I don't blame a person for wanting to maximize their opportunities, of course. I just wish the situation hadn't evolved to the state it has seemed to for a lot of schools/applicants.

Dean Perez


I think the more fundamental problem is how absurdly expensive law school is getting. Applicants wouldn't be nearly as motivated to play the scholarship game if paying sticker didn't threaten financial ruin.


Totally agree with you. Tuition my 1L year at UT Law was about $7,700 and had "ballooned" to around $12,500 my 3L year in 2004. The challenge here is that this particular (specifically leveraging scholarships by falsely leading a school to believe you're seriously considering the other offer) behavior exacerbates the problem. It's a real issue, but one no one has figured out how to solve. Cutting class size reduces revenue so you have to charge them more to make up for it. Laying off profs would save a lot of money, but tenure makes that difficult. Also, students want smaller classes, more specialties, clinics, etc., all of which require MORE professors, not less. In UT's case, they've lost a lot of support from the state to be sure, but they've also cut class size by nearly 1/3 and added about 20 full-time faculty. The palatial buildings many law schools have are already built so no savings there unless you start leasing out space for retail or something. (What law school is it that has a bar on its ground floor? I'm not making that up, right?)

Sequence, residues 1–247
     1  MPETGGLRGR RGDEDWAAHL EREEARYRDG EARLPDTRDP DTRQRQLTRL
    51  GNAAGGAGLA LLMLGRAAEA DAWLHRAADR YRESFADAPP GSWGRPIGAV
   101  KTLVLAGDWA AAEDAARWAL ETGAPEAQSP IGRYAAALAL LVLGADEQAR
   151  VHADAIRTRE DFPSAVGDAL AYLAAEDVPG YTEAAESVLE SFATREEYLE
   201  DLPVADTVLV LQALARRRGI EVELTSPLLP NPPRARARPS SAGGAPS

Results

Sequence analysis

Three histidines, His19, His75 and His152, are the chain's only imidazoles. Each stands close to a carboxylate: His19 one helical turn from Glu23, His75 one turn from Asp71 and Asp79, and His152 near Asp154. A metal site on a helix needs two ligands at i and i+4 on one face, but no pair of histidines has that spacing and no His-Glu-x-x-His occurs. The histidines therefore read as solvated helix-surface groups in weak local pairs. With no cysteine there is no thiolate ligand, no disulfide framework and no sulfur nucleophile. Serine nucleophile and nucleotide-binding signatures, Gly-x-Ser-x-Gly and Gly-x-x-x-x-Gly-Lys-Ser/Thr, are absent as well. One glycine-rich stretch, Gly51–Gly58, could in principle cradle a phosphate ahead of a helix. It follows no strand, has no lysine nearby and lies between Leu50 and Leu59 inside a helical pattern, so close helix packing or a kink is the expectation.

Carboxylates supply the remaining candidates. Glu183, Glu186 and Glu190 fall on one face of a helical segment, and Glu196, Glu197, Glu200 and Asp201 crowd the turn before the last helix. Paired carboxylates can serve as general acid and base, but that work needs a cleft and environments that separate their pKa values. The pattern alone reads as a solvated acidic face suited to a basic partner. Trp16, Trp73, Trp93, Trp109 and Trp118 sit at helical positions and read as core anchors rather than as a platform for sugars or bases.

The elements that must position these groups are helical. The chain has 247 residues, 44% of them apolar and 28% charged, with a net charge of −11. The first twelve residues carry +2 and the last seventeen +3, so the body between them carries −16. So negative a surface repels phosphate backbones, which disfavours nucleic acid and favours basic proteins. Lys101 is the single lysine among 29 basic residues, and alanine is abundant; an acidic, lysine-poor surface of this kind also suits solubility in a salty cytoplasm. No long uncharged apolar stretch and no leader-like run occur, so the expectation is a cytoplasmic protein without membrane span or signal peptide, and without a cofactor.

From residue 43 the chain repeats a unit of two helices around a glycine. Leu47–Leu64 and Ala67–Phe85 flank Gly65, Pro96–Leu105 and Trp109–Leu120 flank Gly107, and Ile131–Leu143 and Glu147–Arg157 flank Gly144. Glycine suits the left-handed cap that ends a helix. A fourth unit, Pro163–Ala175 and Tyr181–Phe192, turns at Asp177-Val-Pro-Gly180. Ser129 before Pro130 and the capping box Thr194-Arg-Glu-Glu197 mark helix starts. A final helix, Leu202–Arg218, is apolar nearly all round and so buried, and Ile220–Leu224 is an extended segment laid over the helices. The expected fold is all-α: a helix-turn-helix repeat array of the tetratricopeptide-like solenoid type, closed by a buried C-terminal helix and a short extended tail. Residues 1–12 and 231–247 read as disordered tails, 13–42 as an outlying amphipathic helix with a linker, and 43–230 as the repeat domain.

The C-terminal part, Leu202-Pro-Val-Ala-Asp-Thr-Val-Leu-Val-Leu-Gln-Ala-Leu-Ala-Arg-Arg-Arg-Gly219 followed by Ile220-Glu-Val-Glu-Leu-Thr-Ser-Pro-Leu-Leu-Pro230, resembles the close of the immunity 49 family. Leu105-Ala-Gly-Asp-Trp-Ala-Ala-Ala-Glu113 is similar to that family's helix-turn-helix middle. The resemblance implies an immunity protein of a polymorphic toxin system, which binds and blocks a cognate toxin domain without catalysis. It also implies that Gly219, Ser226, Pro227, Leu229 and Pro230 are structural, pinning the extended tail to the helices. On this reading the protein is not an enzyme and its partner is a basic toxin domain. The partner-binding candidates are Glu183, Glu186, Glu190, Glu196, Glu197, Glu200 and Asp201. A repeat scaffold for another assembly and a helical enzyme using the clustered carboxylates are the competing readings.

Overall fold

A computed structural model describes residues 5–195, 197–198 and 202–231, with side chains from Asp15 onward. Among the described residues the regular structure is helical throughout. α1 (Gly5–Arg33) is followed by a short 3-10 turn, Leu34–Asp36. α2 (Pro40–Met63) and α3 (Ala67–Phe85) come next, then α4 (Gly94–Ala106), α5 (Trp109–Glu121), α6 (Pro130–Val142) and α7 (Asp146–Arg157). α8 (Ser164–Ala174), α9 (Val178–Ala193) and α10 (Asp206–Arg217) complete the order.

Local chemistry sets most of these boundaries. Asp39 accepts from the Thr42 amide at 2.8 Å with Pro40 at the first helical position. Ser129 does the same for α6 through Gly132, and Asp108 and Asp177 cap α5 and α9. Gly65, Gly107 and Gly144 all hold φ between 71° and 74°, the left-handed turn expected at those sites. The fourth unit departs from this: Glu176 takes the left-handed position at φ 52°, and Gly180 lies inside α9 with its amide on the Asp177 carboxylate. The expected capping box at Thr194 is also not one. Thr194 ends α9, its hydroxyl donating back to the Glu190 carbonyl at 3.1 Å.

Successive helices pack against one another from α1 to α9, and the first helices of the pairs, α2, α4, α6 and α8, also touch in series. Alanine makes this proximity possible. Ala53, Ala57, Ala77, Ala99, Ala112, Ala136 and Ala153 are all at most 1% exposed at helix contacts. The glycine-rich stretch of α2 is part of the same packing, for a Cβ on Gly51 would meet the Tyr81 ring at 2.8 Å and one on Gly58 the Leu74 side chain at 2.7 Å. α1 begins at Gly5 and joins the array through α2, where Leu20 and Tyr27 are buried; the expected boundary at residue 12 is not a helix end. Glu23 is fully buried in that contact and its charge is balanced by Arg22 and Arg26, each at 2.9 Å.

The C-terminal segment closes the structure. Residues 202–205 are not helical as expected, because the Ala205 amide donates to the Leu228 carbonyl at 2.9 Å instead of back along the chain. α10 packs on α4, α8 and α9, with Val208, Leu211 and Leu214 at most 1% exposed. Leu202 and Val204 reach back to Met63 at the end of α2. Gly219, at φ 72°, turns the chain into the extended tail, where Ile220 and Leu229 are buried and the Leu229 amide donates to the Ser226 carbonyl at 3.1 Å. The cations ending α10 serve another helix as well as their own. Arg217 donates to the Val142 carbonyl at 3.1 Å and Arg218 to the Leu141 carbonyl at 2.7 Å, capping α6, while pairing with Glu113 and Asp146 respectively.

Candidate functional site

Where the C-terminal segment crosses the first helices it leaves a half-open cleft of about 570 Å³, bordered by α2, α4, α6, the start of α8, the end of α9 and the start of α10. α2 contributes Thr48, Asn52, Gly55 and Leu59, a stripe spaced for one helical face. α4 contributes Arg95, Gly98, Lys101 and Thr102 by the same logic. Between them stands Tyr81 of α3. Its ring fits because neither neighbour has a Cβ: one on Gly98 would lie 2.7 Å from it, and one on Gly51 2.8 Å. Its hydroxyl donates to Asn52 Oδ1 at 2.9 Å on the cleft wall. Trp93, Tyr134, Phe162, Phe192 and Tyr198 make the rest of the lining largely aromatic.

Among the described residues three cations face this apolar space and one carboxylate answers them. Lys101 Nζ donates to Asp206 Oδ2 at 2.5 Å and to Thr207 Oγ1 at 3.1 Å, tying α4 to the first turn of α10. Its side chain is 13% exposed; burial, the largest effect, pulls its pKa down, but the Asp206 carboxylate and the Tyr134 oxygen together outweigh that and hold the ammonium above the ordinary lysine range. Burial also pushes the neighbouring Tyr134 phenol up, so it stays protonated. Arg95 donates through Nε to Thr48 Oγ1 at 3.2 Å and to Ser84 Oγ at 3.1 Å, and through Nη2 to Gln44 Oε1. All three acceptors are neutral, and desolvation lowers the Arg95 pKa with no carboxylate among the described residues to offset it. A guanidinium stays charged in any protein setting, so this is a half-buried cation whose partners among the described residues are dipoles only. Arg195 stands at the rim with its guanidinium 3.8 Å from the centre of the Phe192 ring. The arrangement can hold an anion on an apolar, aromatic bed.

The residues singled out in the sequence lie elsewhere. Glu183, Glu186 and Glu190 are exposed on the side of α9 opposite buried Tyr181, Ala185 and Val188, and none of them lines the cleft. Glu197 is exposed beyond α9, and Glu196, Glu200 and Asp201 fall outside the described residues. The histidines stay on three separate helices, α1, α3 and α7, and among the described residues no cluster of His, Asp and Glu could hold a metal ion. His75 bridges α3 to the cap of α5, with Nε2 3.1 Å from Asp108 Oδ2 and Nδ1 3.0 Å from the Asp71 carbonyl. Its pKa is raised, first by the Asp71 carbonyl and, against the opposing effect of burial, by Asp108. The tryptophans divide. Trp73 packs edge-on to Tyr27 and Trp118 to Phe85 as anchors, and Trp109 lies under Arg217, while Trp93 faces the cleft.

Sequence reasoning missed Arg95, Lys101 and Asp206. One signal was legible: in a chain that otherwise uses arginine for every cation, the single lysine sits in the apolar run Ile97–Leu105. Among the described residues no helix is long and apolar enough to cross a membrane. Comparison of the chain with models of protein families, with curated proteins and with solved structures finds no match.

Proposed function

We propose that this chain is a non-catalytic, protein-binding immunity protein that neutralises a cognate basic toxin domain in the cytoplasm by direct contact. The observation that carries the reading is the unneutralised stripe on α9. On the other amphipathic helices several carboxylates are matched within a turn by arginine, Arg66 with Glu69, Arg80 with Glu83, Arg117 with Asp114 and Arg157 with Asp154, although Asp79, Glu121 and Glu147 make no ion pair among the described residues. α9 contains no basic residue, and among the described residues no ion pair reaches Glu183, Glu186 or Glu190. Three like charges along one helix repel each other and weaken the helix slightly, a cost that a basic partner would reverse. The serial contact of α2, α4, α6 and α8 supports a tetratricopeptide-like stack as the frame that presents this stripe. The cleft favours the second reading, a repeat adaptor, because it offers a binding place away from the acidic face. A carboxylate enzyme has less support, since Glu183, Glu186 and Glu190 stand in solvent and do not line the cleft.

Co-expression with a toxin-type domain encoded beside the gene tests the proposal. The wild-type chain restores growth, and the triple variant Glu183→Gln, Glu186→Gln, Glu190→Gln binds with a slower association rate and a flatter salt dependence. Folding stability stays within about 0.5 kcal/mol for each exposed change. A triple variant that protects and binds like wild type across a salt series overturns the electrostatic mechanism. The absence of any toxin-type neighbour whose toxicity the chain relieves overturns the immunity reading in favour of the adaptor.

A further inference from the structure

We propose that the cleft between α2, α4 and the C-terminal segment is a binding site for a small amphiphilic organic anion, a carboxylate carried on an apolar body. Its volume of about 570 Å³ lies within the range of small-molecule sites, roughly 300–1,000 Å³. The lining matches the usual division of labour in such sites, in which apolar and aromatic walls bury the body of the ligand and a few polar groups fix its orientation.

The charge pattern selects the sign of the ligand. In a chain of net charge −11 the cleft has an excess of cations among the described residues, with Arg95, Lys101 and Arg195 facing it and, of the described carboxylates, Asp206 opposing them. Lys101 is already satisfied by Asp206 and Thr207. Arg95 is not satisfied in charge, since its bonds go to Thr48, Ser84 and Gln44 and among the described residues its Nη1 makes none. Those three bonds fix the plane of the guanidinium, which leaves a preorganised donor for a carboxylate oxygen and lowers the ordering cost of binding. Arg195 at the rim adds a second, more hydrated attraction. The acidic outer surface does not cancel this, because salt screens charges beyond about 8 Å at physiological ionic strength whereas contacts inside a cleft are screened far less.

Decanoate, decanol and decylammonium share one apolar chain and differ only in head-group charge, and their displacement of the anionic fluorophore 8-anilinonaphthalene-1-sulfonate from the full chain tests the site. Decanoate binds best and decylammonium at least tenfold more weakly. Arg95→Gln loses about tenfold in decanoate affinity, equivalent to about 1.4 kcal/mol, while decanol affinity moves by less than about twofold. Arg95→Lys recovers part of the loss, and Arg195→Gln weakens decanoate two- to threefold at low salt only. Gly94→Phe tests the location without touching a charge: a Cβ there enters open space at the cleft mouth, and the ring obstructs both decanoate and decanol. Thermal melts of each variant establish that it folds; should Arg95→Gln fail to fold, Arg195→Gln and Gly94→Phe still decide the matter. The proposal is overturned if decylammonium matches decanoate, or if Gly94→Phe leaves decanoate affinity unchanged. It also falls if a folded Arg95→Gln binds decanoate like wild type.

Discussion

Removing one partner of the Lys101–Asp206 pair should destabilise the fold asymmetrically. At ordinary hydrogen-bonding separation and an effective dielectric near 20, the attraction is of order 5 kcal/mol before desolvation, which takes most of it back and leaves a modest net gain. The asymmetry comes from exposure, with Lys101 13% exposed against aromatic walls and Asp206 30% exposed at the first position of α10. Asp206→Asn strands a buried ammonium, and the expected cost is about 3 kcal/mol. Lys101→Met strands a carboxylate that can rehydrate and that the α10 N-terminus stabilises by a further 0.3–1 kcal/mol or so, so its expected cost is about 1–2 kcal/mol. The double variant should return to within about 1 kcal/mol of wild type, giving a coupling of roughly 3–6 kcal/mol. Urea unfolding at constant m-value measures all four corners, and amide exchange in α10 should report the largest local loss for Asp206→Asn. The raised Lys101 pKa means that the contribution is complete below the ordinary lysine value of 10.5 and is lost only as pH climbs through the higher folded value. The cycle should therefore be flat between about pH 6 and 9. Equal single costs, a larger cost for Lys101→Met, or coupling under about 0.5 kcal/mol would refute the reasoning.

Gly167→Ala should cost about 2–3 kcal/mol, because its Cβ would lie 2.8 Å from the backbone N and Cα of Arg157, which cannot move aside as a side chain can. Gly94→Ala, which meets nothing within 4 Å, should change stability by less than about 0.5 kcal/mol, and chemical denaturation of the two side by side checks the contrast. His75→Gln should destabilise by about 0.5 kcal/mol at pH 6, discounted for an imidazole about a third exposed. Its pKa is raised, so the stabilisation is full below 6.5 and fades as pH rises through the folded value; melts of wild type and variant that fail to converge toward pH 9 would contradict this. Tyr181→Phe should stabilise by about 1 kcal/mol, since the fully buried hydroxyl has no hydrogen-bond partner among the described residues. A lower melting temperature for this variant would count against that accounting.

I was at a conference once and asked Chemerinsky where he thought tuition would finally stop, using Columbia/NYU as an example since they're approaching $60k /yr. $70k? $90k? When will students finally decide the USNWR prestige isn't worth it? He didn't have an answer. My own answer is that it will stop when the feds put a cap on Grad PLUS loans.

Dean Perez

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Re: Texas Tech Dean of Admissions Taking Questions